Andrew Shepherd, professor of Earth Observation at the University of Leeds, agreed. “Everyone loves a good iceberg, and this one is a corker,” he said. “But despite keeping us waiting for so long, I’m pretty sure that Antarctica won’t be shedding a tear when it’s gone because the continent loses plenty of its ice this way each year, and so it’s really just business as usual!”
Luckman said that while the Larsen C ice shelf might continue to shed icebergs, it might regrow. Nevertheless previous research by the team has suggested that the remaining ice shelf is likely less stable now that the iceberg has calved, although it is unlikely the event would have any short-term effects. “We will have to wait years or decades to know what will happen to the remainder of Larsen C,” he said, pointing out that it took seven years after the release of a large iceberg from Larsen B before the ice shelf became unstable and disintegrated.
What’s more, Luckman stressed that while large melt ponds were seen on Larsen B prior to its collapse – features which are thought to have affected the structure of the ice shelf – those seen on Larsen C are far smaller and are not even present at this time of year.
And while climate change is accepted to have played a role in the wholesale disintegration of the Larsen A and Larsen B ice shelves, Luckman emphasised that there is no evidence that the calving of the giant iceberg is linked to such processes.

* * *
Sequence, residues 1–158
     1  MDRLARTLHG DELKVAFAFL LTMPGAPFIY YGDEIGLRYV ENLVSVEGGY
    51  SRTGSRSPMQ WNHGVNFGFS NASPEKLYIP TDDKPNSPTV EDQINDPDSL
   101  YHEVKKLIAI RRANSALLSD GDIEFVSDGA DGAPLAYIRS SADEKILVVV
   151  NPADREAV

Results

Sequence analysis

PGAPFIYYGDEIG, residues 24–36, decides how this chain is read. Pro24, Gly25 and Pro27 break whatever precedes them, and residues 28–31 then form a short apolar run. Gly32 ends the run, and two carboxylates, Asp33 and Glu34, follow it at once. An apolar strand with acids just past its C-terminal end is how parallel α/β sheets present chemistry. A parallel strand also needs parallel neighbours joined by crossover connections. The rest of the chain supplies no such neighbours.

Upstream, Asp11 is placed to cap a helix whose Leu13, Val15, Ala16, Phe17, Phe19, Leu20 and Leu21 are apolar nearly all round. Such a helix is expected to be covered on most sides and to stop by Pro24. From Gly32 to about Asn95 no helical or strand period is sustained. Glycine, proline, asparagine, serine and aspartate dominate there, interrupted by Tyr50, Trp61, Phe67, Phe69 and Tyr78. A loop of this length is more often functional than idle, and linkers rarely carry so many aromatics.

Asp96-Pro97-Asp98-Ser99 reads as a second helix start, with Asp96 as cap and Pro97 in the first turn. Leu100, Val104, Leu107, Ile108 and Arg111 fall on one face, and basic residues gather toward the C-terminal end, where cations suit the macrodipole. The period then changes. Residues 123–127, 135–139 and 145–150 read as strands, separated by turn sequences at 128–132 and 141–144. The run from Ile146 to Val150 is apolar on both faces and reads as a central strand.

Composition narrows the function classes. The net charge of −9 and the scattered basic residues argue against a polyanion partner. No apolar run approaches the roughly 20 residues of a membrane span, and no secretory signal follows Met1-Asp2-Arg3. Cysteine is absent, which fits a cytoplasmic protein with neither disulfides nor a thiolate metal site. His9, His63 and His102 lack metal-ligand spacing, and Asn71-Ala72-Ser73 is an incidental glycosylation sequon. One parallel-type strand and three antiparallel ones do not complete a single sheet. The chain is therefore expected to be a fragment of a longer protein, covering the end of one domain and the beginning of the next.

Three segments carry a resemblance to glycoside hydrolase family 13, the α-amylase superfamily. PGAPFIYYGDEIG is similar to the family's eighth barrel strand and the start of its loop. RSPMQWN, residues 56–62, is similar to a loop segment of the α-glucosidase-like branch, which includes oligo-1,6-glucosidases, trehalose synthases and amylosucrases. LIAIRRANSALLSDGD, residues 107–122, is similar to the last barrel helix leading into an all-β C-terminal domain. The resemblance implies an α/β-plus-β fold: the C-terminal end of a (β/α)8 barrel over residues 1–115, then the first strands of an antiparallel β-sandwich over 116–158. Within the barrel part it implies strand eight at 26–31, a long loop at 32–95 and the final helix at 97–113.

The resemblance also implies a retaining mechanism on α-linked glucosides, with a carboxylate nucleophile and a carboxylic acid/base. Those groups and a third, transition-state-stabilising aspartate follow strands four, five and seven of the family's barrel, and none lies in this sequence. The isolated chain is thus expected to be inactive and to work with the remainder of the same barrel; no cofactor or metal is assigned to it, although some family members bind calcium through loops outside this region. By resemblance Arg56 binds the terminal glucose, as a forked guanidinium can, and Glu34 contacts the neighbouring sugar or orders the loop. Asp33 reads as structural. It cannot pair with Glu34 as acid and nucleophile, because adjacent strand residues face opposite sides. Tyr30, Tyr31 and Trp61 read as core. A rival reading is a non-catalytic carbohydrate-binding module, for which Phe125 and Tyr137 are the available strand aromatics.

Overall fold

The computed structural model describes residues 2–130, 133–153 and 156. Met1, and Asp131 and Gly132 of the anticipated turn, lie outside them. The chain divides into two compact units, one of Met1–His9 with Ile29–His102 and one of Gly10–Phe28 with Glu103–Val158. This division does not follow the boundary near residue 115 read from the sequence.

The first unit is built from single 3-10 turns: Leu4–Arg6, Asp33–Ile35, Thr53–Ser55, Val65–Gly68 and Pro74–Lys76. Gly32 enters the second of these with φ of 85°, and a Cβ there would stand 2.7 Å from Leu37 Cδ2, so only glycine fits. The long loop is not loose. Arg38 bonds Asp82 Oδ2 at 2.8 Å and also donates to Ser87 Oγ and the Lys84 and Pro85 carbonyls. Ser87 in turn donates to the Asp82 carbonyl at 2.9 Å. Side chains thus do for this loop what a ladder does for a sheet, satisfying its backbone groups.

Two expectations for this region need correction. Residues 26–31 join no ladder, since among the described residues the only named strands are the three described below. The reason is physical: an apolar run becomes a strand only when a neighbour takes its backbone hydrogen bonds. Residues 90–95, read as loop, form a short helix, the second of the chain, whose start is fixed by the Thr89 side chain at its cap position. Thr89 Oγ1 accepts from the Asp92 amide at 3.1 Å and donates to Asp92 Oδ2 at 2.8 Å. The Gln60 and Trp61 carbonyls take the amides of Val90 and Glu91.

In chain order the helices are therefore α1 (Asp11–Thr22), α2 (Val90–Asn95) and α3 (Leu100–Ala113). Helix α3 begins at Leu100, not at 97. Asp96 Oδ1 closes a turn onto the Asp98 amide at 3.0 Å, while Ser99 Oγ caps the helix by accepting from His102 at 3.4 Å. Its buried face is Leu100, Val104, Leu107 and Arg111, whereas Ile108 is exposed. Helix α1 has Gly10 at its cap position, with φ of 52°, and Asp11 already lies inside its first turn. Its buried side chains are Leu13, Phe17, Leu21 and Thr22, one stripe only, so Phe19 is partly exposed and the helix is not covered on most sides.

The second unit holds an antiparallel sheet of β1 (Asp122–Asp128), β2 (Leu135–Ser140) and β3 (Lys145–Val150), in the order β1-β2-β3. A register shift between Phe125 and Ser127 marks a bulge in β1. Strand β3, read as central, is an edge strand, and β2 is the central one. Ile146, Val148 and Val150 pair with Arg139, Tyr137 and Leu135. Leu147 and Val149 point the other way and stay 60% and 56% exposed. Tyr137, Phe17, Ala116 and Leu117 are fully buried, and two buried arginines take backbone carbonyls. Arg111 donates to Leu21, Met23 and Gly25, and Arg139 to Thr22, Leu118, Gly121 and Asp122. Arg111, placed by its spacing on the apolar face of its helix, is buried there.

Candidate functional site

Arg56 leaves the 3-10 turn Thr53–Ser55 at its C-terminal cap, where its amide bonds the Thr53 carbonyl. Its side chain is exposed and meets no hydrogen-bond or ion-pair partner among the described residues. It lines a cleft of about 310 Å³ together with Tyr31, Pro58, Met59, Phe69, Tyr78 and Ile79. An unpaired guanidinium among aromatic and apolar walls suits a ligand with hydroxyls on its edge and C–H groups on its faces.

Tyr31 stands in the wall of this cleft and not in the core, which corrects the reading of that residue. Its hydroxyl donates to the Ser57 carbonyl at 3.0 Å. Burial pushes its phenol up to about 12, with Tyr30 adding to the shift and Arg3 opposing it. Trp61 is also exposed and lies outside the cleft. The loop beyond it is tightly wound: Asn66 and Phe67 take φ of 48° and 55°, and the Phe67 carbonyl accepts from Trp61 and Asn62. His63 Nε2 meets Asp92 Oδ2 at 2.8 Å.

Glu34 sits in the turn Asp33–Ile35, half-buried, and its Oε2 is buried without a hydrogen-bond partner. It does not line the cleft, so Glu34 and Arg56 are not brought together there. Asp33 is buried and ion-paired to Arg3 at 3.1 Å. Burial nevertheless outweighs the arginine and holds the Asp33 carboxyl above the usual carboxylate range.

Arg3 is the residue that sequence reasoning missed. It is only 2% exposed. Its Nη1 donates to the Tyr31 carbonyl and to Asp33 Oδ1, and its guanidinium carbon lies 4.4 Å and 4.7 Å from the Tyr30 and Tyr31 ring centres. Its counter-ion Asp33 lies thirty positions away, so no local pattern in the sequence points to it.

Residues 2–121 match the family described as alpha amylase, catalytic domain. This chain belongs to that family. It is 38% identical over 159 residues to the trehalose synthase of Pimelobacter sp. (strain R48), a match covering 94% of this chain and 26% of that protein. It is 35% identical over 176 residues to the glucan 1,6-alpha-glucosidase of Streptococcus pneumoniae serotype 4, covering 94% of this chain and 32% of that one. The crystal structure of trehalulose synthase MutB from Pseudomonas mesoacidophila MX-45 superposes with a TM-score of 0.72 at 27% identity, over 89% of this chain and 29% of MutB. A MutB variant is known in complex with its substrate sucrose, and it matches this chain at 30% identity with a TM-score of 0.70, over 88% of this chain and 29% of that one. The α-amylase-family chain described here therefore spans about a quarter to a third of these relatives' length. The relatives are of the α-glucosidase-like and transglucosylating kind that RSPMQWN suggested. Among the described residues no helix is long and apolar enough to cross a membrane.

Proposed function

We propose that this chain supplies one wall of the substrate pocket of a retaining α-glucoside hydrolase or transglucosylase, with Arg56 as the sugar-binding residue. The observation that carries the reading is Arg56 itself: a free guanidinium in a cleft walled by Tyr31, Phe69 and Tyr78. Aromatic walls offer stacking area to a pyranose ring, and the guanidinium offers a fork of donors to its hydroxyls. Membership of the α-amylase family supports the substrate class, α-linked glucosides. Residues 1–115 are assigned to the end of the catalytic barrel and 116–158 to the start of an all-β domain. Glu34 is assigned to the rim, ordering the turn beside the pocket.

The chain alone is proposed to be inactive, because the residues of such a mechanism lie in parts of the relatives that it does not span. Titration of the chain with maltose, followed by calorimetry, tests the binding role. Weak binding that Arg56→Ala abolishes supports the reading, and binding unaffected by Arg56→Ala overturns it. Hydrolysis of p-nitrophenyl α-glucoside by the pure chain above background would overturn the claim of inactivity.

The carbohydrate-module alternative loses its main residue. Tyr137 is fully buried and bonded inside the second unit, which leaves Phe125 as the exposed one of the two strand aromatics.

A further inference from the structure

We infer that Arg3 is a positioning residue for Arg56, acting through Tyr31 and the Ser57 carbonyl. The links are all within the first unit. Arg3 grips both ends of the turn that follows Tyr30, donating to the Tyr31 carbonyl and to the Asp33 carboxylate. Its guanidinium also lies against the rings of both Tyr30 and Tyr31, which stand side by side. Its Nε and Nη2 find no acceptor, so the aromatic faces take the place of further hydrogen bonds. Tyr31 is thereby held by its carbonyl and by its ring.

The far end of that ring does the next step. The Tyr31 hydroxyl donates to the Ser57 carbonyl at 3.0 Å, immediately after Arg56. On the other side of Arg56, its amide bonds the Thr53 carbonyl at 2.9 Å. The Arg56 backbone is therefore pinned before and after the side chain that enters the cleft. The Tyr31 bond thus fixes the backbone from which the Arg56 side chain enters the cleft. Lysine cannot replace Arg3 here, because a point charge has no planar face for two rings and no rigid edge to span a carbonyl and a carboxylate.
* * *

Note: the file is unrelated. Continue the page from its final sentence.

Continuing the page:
Twila Moon, a glacier expert at the US National Ice and Snow Data Center agrees but, she said, climate change could have made the situation more likely.
“Certainly the changes that we see on ice shelves, such as thinning because of warmer ocean waters, are the sort [of changes] that are going to make it easier for these events to happen,” she said.
Luckman is not convinced. “It is a possibility, but recent data from the Scripps Institute of Oceanography actually show most of the shelf thickening,” he said.
The progress of the rift, and the loss of the iceberg, has been carefully followed by analysis of radar images from the European Space Agency’s Sentinel-1 mission, which provides data from the region every six days.
“Before we would have been lucky if we had got one satellite image a year of an event like this, so we would not have been able to watch it unfold,” said Hogg, pointing out that the radar system allows data to be collected whatever the weather and in the dark, while technological advances mean more data that can be downloaded than for previous satellites.
The news of the giant iceberg comes after US president Donald Trump announced that the US will be withdrawing from the 2015 Paris climate accord – an agreement signed by more than 190 countries to tackle global warming. “Truly I am dismayed,” said Moon of the move.
Now at the mercy of the ocean currents, the newly calved iceberg could last for decades, depending on whether it enters warmer waters or bumps into other icebergs or ice shelves.